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  • Author or Editor: E. Széll x
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Four maize hybrids bred at the Cereal Research Non-Profit Company in Szeged were registered at the National Institute for Agricultural Quality Control (OMMI) during the period 2001-2004. The registration of five Szeged hybrids is expected on the territory of the European Union in 2005-2006. The hybrids are accompanied by specific production technological guides for commercial production based on the results of agronomy trials, so that the genetic potential of the hybrids can be utilised in practical farming to the highest possible extent. The specific agronomic traits of hybrids with different vegetation periods and genotypes are investigated. If a maize hybrid is to be recommended to farmers, it is necessary to know not only its yield potential, but also its yield stability. For this reason, investigations are also made on the effect of soil and climate on the grain yield potential of each hybrid individually.

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The Duo-System technology, which is basically a combination of the Focus Ultra herbicide and cycloxydim-tolerant maize hybrids, is spreading as a tool for weed control in maize crops. The Cereal Research Non-Profit Co. Ltd. commenced the breeding of cycloxydim-tolerant maize (CTM) hybrids based on know-how from BASF. CTM hybrids were created by crossing the CTM inbred lines developed in the initial phase of the programme. The herbicide tolerance of the hybrids was tested in dose rate trials with Focus Ultra in 2008 and 2009. The agronomic value of the novel CTM hybrids was tested in performance trials in 2009. CTM hybrids with high yield potential have been selected as a result of the breeding programme.

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Western corn rootworm (WCR) first appeared in Europe near Belgrade airport in 1992. The first adult of this species was found near Mórahalom, in the southern part of Hungary, on 30th June 1995. Small-plot trials were started in Szeged (Cereal Research Non-Profit Co.) and large-scale trials in Mezohegyes (Ménesbirtok Ltd.) in 1996 to elaborate strategies to control this insect pest. To make the work more efficient, eight experts working at different institutions formed a team. At the same time, monitoring was begun on when and where the insect appeared and in what numbers. The experiments were adapted to the life cycle of the species. WCR has one generation per year, laying eggs that overwinter. Larvae begin to hatch in late May to mid-June. Adults emerge by mid-July and survive till early October. They lay eggs in abundance from mid-July to late August.  Trials were conducted to control WCR both with and without chemicals. For adult control pesticides were sprayed from an aircraft or using a field sprayer. Larval control involved seed treatment with insecticide or the use of soil insecticide at planting or at cultivation.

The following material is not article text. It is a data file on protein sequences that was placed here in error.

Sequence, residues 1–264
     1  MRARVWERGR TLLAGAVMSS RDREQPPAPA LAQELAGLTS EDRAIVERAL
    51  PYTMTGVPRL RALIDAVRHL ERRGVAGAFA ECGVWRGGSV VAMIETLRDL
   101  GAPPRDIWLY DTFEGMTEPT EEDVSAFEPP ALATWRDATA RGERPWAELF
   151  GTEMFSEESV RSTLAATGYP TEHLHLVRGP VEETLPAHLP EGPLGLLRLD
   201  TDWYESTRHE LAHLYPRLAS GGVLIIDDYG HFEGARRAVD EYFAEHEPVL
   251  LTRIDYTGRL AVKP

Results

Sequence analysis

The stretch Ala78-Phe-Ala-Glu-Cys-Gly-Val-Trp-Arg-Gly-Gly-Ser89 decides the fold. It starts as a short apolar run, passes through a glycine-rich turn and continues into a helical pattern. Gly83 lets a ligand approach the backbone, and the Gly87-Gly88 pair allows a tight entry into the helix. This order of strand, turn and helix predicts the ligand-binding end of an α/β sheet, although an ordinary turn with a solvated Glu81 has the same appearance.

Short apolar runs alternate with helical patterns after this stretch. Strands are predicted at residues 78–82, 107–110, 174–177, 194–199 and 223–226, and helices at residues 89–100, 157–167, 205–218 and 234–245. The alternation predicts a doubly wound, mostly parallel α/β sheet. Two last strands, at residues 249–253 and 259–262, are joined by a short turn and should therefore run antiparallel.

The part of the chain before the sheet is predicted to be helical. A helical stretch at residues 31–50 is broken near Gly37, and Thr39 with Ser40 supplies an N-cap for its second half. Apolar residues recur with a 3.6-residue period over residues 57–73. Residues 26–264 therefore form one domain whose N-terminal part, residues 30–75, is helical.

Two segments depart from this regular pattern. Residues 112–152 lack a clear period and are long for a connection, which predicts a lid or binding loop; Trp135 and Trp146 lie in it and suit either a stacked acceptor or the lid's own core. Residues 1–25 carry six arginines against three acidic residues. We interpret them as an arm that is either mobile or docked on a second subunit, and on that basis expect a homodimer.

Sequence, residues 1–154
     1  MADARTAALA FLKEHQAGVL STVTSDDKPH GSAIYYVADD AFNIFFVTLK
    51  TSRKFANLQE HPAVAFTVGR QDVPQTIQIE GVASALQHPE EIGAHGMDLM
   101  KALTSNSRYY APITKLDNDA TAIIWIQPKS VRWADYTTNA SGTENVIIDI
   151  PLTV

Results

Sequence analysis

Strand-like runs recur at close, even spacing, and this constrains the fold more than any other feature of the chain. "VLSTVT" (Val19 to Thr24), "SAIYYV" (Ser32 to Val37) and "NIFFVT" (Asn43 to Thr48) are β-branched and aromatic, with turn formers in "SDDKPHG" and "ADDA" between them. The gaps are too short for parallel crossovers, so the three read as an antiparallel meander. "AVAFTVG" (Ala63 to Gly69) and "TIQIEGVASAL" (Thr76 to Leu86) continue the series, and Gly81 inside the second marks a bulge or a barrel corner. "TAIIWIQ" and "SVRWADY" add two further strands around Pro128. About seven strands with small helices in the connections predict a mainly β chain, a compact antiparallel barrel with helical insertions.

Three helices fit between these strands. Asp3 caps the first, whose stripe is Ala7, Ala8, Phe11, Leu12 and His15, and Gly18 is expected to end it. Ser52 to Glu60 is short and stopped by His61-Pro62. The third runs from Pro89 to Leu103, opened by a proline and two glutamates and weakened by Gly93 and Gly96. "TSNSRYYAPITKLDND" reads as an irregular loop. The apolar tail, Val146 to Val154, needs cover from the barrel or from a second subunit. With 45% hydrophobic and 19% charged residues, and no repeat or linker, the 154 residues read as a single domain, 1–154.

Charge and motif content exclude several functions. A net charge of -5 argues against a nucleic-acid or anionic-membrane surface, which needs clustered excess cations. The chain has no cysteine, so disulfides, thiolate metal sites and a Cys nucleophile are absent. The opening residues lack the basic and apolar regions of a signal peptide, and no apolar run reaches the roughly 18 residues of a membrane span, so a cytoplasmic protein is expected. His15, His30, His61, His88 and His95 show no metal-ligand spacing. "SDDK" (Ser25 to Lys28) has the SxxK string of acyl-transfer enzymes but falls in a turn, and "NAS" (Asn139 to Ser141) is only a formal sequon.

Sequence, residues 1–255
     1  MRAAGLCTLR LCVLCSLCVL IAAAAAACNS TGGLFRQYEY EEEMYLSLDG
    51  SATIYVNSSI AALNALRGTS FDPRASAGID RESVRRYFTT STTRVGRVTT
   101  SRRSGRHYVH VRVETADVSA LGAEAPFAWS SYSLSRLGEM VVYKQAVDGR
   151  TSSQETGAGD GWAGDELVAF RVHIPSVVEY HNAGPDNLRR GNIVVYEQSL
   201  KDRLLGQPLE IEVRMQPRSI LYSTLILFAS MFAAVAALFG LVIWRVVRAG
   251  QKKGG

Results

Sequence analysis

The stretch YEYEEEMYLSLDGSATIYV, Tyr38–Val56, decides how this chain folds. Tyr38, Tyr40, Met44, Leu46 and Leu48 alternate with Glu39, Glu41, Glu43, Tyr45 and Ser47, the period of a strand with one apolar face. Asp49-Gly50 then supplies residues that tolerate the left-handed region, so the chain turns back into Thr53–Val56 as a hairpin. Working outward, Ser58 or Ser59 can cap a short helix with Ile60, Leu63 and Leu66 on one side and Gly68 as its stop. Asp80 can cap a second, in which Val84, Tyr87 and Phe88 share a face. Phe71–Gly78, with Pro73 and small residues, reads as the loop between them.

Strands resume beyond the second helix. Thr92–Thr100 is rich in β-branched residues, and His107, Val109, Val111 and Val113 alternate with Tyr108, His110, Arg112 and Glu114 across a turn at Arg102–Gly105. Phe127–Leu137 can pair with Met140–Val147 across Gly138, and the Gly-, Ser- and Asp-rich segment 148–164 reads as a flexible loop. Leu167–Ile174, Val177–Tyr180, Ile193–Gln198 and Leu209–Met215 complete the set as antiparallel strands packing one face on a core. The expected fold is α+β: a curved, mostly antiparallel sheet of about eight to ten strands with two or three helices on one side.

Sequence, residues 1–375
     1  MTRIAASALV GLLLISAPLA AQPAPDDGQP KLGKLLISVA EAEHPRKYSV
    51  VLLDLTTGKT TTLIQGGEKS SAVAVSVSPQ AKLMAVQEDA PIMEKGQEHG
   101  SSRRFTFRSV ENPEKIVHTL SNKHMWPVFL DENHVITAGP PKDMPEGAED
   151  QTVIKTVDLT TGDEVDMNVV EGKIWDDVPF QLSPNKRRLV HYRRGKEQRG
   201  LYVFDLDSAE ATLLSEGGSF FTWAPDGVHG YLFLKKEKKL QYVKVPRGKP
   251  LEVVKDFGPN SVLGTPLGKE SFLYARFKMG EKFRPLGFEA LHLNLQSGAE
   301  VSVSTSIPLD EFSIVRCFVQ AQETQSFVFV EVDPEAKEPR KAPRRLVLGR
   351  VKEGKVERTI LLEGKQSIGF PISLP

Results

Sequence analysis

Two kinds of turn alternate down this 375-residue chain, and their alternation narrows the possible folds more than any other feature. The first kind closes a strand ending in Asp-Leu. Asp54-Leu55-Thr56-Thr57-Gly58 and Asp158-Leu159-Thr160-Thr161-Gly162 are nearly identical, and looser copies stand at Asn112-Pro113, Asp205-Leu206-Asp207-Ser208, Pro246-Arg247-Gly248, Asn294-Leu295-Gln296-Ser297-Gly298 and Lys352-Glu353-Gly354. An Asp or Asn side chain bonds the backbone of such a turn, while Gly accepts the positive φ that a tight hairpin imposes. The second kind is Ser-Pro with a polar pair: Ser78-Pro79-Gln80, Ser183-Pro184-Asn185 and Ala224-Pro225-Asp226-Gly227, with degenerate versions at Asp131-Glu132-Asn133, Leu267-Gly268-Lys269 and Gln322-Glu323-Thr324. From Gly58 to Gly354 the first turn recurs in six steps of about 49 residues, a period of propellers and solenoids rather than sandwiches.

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The western corn rootworm (WCR), Diabrotica virgifera virgifera LeConte, is a new pest of corn in Europe. Future management may include the use of natural enemies. Our study focused on the deter­mi­na­tion of density and species composition of spiders in corn fields, as well as in the adjacent corn field margins, during the peak flight period of WCR adults. An additional objective was to test different sampling methods, used for spider collecting, in corn fields and in adjacent corn field margins. The field study was conducted in July and August, 1999, in experimental corn plots, as well as in the adjacent field margins, owned by the Cereal Research Institute, Szeged, in Southern Hungary. Spiders were collected by individual plant search and by sweep nets. Number of spiders /m2 was significantly higher, whereas /m3 was significantly lower in the corn plots compared to the adjacent field margins. Remnants of WCR adults were found in theridiid [Theridion impressum L. Koch, T. pictum (Walckenaer), Enoplognatha latimana Hippa and Oksala] and agelenid (Agelena sp.) webs. We observed that individuals of both families were able to kill 1-5 adult beetles within 90 minutes.

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